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RE: JAXP and Java XML APIs (was RE: [xml-dev] difference bet. xer cesand crimson)
- From: "Champion, Mike" <Mike.Champion@SoftwareAG-USA.com>
- To: Xml-Dev <firstname.lastname@example.org>
- Date: Wed, 26 Sep 2001 21:57:27 -0400
> -----Original Message-----
> From: Leigh Dodds [mailto:email@example.com]
> Sent: Wednesday, September 26, 2001 12:45 PM
> To: Dylan Walsh; Xml-Dev
> Subject: JAXP and Java XML APIs (was RE: [xml-dev] difference bet.
> xerces and crimson)
> I can only attribute this '3 months saving' to the difficulty
> in the DOM
> model. From my own experiences the amount of code I have to write
> could have been greatly reduced by a means to query a DOM using
> XPath; something which seems to be on the way.
I'd be very interested in hearing a more detailed explanation of the
"difficulty in the DOM model". (I'm hopelessly biased, having spent the
last four years on the DOM WG -- but trying to be open minded!).
I'd *guess* that the parts of the DOM model that people find difficult
- Text nodes (a nice hack for mixed content, just another hassle everywhere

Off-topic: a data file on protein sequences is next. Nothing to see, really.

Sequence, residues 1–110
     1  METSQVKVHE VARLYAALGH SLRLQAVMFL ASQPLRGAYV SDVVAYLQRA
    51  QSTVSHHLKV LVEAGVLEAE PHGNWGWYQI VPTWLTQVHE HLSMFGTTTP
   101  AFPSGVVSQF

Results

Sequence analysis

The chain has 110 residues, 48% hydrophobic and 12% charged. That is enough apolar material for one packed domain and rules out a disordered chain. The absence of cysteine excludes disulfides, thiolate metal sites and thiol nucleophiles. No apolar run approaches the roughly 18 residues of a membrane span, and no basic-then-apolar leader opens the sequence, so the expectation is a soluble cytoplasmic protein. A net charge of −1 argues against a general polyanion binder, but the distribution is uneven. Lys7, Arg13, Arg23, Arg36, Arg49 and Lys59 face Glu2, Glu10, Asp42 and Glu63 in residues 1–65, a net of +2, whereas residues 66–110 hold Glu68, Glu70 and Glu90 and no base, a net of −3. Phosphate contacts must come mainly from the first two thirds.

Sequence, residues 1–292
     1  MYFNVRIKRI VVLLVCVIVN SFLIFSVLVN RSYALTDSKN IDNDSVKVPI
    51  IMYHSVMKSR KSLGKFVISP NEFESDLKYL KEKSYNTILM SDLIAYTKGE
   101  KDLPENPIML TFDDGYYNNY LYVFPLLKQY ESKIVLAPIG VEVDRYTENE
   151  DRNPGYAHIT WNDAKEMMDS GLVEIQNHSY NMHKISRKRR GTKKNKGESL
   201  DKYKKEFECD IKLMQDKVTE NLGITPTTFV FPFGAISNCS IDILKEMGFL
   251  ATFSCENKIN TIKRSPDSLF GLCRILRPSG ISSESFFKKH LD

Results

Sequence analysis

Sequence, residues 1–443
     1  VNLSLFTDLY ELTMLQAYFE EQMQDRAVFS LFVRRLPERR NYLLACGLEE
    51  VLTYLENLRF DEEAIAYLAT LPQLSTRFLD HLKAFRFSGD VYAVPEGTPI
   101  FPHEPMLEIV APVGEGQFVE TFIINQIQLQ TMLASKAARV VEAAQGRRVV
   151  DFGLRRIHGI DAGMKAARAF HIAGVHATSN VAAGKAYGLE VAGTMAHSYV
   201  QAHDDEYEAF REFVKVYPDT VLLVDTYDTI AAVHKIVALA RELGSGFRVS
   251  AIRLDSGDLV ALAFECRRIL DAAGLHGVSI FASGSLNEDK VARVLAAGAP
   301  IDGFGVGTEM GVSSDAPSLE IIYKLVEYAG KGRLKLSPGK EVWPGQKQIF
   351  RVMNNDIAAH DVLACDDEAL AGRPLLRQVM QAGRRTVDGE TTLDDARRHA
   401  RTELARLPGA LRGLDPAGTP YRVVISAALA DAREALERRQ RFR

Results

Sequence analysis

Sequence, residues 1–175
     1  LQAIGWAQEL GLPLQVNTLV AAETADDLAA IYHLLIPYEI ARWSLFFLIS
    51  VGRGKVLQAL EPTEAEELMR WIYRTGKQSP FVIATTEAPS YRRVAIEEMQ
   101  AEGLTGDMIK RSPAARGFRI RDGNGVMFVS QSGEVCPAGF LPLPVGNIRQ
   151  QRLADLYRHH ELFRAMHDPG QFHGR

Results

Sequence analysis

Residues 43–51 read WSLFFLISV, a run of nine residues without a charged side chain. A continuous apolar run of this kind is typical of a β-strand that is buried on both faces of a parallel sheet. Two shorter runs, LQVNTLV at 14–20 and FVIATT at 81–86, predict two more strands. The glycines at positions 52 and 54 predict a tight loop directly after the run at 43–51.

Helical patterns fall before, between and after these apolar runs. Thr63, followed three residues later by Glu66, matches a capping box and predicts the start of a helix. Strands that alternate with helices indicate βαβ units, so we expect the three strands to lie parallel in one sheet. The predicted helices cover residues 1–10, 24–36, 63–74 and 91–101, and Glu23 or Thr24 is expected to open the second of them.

- CDATA sections (the InfoSet, perhaps wisely, treats them as syntax sugar)
- The fact that entity reference nodes are exposed in the tree rather than
being hidden (again, the InfoSet probably did it right ... but the DOM WG
couldn't figure out a clean way to both hide entity references from
"browsers" and expose them to "editors").
- The long delay in support for the various stuff in DTDs, such as attribute
types, notation declarations, etc.)
- The long delay in support for a query mechanism other than
- All the stuff in Java that's not in generic CORBA IDL. (There's not a
whole lot the DOM WG could do about this, is there? Maybe the Java bindings
could have exploited Java-isms more???)
But these are just my own prejudices, and I'd love to hear about other
perspectives on what "gotchas" the DOM throws at them.